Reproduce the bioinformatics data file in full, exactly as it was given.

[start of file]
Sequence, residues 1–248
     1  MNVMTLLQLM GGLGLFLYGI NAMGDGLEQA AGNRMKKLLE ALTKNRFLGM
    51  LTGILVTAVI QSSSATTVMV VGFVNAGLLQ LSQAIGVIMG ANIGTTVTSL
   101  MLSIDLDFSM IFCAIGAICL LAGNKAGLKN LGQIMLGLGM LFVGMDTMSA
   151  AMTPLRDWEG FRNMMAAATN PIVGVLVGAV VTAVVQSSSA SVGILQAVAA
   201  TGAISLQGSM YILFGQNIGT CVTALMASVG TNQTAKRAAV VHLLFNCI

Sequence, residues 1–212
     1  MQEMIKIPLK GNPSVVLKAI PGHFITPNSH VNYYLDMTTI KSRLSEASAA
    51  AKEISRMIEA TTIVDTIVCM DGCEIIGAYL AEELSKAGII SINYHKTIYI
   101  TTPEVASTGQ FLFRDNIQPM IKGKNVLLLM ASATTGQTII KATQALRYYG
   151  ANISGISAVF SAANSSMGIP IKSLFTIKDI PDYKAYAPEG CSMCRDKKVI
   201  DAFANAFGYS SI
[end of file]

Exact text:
Sequence, residues 1–248
     1  MNVMTLLQLM GGLGLFLYGI NAMGDGLEQA AGNRMKKLLE ALTKNRFLGM
    51  LTGILVTAVI QSSSATTVMV VGFVNAGLLQ LSQAIGVIMG ANIGTTVTSL
   101  MLSIDLDFSM IFCAIGAICL LAGNKAGLKN LGQIMLGLGM LFVGMDTMSA
   151  AMTPLRDWEG FRNMMAAATN PIVGVLVGAV VTAVVQSSSA SVGILQAVAA
   201  TGAISLQGSM YILFGQNIGT CVTALMASVG TNQTAKRAAV VHLLFNCI

Sequence, residues 1–212
     1  MQEMIKIPLK GNPSVVLKAI PGHFITPNSH VNYYLDMTTI KSRLSEASAA
    51  AKEISRMIEA TTIVDTIVCM DGCEIIGAYL AEELSKAGII SINYHKTIYI
   101  TTPEVASTGQ FLFRDNIQPM IKGKNVLLLM ASATTGQTII KATQALRYYG
   151  ANISGISAVF SAANSSMGIP IKSLFTIKDI PDYKAYAPEG CSMCRDKKVI
   201  DAFANAFGYS SI